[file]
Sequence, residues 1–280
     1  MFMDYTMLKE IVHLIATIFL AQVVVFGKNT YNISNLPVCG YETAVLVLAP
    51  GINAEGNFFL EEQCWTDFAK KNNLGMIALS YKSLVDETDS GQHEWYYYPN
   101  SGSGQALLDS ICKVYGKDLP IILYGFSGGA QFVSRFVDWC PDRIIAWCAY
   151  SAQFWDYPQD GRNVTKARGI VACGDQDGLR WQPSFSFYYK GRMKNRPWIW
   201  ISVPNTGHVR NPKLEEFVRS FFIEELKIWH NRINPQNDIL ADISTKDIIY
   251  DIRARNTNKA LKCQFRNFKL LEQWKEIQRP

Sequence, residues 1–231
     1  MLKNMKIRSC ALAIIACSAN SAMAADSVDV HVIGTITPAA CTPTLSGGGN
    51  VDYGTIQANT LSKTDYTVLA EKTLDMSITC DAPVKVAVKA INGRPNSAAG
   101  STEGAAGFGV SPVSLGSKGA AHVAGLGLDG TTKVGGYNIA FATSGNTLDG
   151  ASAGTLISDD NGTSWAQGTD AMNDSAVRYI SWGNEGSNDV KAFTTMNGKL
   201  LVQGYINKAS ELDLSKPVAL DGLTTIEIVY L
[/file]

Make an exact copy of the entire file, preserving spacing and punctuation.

Sequence, residues 1–280
     1  MFMDYTMLKE IVHLIATIFL AQVVVFGKNT YNISNLPVCG YETAVLVLAP
    51  GINAEGNFFL EEQCWTDFAK KNNLGMIALS YKSLVDETDS GQHEWYYYPN
   101  SGSGQALLDS ICKVYGKDLP IILYGFSGGA QFVSRFVDWC PDRIIAWCAY
   151  SAQFWDYPQD GRNVTKARGI VACGDQDGLR WQPSFSFYYK GRMKNRPWIW
   201  ISVPNTGHVR NPKLEEFVRS FFIEELKIWH NRINPQNDIL ADISTKDIIY
   251  DIRARNTNKA LKCQFRNFKL LEQWKEIQRP

Sequence, residues 1–231
     1  MLKNMKIRSC ALAIIACSAN SAMAADSVDV HVIGTITPAA CTPTLSGGGN
    51  VDYGTIQANT LSKTDYTVLA EKTLDMSITC DAPVKVAVKA INGRPNSAAG
   101  STEGAAGFGV SPVSLGSKGA AHVAGLGLDG TTKVGGYNIA FATSGNTLDG
   151  ASAGTLISDD NGTSWAQGTD AMNDSAVRYI SWGNEGSNDV KAFTTMNGKL
   201  LVQGYINKAS ELDLSKPVAL DGLTTIEIVY L